While I was preparing to set up the coffee maker last evening, so that when we wake up in the morning, we just have to hit the button, I realized I had undertaken a new habit. I had the coffee-to-water measurements down pat. It’s 4 tablespoons to 8 cups coffee. Only to get 8 cups of coffee out of our coffee maker I have to put in 9 cups of water. The four tablespoon scoops of ground coffee has to be level. I use the side of my pointer finger and scrape it across the top of the measuring tablespoon marker to make sure it’s level. Not one extra grain of coffee bean nor drop of water gets added into anything. Coffee-wise.

Why am I doing this? I asked myself. I never was quite so specific before. Did I become a cheapskate suddenly? No, was my answer. I just became aware that I might not always be able to get my specific brand of ground coffee, so I better not waste one spec. I also want my product to last and last for as long as possible.

I took a step back and started to think about how I have been handling most of my supplies. I’ve been extra judicious with toilet paper, napkins and paper towels. My faves aren’t always on store shelves and stocking up has been quantity limited. When I went to pour my vanilla creamer into my coffee, I hadn’t realized that I now take one full creamer and split it into two. Then I top off each creamer with skim milk, thus doubling my vanilla creamer capacity. I started measuring out my morning oatmeal, my grits, no more than 1 or 2 eggs per breakfast and no more than 2 strips of nitrate-free bacon, if and when I prepare it. The store doesn’t always have nitrate-free bacon, so when I finally get my hands on it, I eat less of it hoping that will extend it’s refrigerator shelf life.

I’ve also started adding water to practically every liquid product I use. I’ve diluted shampoo, conditioner, juices (especially apple cider and orange juice. amazingly they actually taste better watered down……go figure.) I started adding a tiny bit of water to 2% or whole milk. I started adding fake maple syrup to the real maple syrup because it has taken weeks and weeks for our store to stock up on 100% real maple syrup. Hubby asked if I was doing something to the maple syrup and I lied. I told him everything was fine.

I’ve been using margarine when I should be using butter. I’ve been making more daily soups and larger pots of the stuff so we can eat it for several days in a row. Hubby’s not to fond of that. I told him it’s his imagination. I’ve been cutting blocks of soap in half, so they last longer. I’m also no longer buying my favorite Dove soap nor its generic counterpart. I found good quality in Irish Spring with Aloe at $3.97 for 8 bars = .49 cents a bar vs $1.00 for the generic Dove. My skin looks fine.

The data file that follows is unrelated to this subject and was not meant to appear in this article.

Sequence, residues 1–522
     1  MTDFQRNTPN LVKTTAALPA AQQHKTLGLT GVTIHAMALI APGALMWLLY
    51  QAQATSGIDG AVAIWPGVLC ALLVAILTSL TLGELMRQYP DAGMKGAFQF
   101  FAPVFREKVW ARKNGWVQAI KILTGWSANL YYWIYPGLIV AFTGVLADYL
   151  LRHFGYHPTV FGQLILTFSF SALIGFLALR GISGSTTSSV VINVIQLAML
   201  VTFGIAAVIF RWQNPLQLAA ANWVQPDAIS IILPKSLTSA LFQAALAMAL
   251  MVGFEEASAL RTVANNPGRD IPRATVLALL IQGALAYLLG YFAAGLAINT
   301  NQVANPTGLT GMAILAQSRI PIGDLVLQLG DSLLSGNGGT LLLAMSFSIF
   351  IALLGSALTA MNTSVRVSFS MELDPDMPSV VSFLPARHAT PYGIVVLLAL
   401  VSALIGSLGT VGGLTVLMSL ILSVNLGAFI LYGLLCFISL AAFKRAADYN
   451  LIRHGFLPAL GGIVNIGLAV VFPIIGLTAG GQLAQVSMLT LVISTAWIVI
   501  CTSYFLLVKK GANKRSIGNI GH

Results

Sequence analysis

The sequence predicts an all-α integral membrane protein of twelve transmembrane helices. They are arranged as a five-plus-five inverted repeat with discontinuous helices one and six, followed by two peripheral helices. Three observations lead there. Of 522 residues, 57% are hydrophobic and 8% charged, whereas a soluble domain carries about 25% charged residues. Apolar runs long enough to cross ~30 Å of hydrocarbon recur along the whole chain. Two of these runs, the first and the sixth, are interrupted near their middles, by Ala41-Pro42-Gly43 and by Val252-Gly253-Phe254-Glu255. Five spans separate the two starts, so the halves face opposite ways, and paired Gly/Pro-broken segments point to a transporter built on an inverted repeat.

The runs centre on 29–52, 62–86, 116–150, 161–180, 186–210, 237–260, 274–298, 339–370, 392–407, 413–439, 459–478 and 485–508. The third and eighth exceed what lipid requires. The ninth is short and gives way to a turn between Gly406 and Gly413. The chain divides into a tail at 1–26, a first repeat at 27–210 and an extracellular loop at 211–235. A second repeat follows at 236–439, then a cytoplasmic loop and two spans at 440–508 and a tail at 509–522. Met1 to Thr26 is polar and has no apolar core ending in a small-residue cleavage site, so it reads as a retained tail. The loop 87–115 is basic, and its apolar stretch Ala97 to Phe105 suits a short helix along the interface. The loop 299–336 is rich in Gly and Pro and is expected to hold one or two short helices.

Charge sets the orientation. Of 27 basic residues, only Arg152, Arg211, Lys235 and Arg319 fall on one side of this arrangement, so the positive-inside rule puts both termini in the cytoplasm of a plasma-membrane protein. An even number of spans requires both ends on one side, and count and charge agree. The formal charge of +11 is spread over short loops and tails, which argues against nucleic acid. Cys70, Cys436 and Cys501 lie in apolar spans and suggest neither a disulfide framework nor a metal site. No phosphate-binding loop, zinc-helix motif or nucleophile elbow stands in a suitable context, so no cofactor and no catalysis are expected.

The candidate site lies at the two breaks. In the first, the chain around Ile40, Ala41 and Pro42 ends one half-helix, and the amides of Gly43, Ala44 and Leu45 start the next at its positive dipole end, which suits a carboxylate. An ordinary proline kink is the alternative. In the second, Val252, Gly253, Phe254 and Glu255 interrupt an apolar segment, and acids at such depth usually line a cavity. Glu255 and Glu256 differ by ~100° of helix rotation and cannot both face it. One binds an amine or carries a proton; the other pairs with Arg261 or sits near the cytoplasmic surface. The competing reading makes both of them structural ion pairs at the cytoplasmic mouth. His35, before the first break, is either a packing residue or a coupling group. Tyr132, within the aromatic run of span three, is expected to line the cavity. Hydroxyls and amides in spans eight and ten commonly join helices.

From top left to right: tomato/carrot soup with dill and a dollop of plain Greek yogurt, split pea soup with leftover bits of ham, butternut squash soup with sour creme, lentil soup over rice. Every time I buy a cut-up chicken, the butcher includes the cut-out backbone. I use that backbone to make chicken broth and use that chicken broth to make these and other soups or rice dishes.

I’m making big pots of tea vs individual cups. I’ve been watering down dishwashing liquid, laundry liquid detergent, home-made salad dressings, gravies, sauces…..I’m doing all of this without even thinking. It’s become so natural now for me to look at something, anything and figure out a way to extend it’s life.

I’m calling this newfound habit of mine “Unconscious Non-Consumerism”. If I buy anything and if it’s not perfect or meets my expected need, I send it back for a full refund. There is no waste in my home anymore. Everything has a purpose and everything has its place. I’ve recently sent back expensive toothpaste whiteners because really? Baking soda for only .53 cents seems to work better than the $11 a tube kind. I’ve stopped buying a plethora of cleaners because a dash of Dawn (must be the real thing!) mixed with water cleans most anything perfectly!

If I’m baking a cake and the recipe calls for 3 eggs, I only use 2. I see no difference in the quality of the cake or cookie whatsoever. If a recipe calls for 4 carrots, I use 3, etc. etc. I keep cutting back unconsciously because subconsciously I’m calculating that should the grocery stores run out of anything, I’ll have a back up. I’m also saving quite a bit of money playing it this way. The money, however, is secondary. I’m really concerned about running out of product.

Lastly, remember a few weeks back my daughter bought her daughter (my granddaughter) a puppy but later found out after a week or so that her husband was allergic so I got to keep the puppy so that my granddaughter wouldn’t have to give up her puppy and would eventually stop crying? (click here for that post) Well, turns out, they liked NOT having the puppy around as it was too much trouble. Guess who now officially owns the puppy because they decided it would make a great birthday present to me? Yup. ME!!! That’s NOT what I had in mind.

My daughter paid for the first vet visit and will pay half the spay fee BUT the little maltipoo puppy (that she paid $1,000 for!!!) is now officially my dog. And all the costs and expenses that go alone with it. Thankfully she’s a tiny dog, will never weigh more than 8 pounds so the bills will be low BUT nonetheless, I just got rooked into owning another dog.

Hubby and I are exhausted. At almost 70 years of age, I don’t have the needed energy to take care of the puppy full time. Thankfully hubby fell in love with the puppy and has been helping me out. Potty training has been strained as its been too cold and wet to take the puppy out. So we trained her to pee and poop in a cage in another room (my office) and to spend the rest of her time in a child’s play pen, in our bedroom.

It certainly has been fun. No scrimping or savings here. Just lots and lots of puppy kisses.

Realistically, how can anyone say ‘no’ to this puppy face???